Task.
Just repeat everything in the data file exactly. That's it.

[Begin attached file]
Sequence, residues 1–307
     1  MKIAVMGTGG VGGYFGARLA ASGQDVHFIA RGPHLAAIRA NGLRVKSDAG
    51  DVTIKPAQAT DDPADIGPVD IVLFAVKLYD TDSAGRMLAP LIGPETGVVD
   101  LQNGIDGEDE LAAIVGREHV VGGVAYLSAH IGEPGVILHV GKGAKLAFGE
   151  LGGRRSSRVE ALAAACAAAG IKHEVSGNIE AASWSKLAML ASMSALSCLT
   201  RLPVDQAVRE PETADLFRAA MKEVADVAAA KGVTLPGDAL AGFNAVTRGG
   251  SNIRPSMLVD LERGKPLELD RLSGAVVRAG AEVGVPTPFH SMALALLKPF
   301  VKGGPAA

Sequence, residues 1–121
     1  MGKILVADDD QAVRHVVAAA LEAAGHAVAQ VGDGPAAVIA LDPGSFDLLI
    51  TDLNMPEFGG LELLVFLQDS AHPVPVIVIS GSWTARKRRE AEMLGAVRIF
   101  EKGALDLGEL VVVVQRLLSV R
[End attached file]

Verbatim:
Sequence, residues 1–307
     1  MKIAVMGTGG VGGYFGARLA ASGQDVHFIA RGPHLAAIRA NGLRVKSDAG
    51  DVTIKPAQAT DDPADIGPVD IVLFAVKLYD TDSAGRMLAP LIGPETGVVD
   101  LQNGIDGEDE LAAIVGREHV VGGVAYLSAH IGEPGVILHV GKGAKLAFGE
   151  LGGRRSSRVE ALAAACAAAG IKHEVSGNIE AASWSKLAML ASMSALSCLT
   201  RLPVDQAVRE PETADLFRAA MKEVADVAAA KGVTLPGDAL AGFNAVTRGG
   251  SNIRPSMLVD LERGKPLELD RLSGAVVRAG AEVGVPTPFH SMALALLKPF
   301  VKGGPAA

Sequence, residues 1–121
     1  MGKILVADDD QAVRHVVAAA LEAAGHAVAQ VGDGPAAVIA LDPGSFDLLI
    51  TDLNMPEFGG LELLVFLQDS AHPVPVIVIS GSWTARKRRE AEMLGAVRIF
   101  EKGALDLGEL VVVVQRLLSV R